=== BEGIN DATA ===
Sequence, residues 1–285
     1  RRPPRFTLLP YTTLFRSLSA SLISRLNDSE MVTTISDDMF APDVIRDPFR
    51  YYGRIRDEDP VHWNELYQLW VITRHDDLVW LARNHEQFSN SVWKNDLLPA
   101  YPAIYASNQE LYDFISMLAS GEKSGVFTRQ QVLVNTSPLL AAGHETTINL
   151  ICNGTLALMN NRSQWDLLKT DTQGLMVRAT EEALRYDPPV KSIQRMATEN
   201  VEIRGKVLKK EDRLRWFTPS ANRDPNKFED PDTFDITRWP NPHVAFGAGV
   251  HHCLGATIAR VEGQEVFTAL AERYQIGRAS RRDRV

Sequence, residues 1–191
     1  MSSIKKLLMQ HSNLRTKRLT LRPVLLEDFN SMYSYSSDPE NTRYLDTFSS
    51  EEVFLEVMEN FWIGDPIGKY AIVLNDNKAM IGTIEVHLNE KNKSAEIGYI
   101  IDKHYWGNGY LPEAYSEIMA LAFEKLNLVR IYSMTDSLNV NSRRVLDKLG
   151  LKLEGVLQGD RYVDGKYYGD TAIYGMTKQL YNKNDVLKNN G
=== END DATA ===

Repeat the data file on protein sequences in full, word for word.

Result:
Sequence, residues 1–285
     1  RRPPRFTLLP YTTLFRSLSA SLISRLNDSE MVTTISDDMF APDVIRDPFR
    51  YYGRIRDEDP VHWNELYQLW VITRHDDLVW LARNHEQFSN SVWKNDLLPA
   101  YPAIYASNQE LYDFISMLAS GEKSGVFTRQ QVLVNTSPLL AAGHETTINL
   151  ICNGTLALMN NRSQWDLLKT DTQGLMVRAT EEALRYDPPV KSIQRMATEN
   201  VEIRGKVLKK EDRLRWFTPS ANRDPNKFED PDTFDITRWP NPHVAFGAGV
   251  HHCLGATIAR VEGQEVFTAL AERYQIGRAS RRDRV

Sequence, residues 1–191
     1  MSSIKKLLMQ HSNLRTKRLT LRPVLLEDFN SMYSYSSDPE NTRYLDTFSS
    51  EEVFLEVMEN FWIGDPIGKY AIVLNDNKAM IGTIEVHLNE KNKSAEIGYI
   101  IDKHYWGNGY LPEAYSEIMA LAFEKLNLVR IYSMTDSLNV NSRRVLDKLG
   151  LKLEGVLQGD RYVDGKYYGD TAIYGMTKQL YNKNDVLKNN G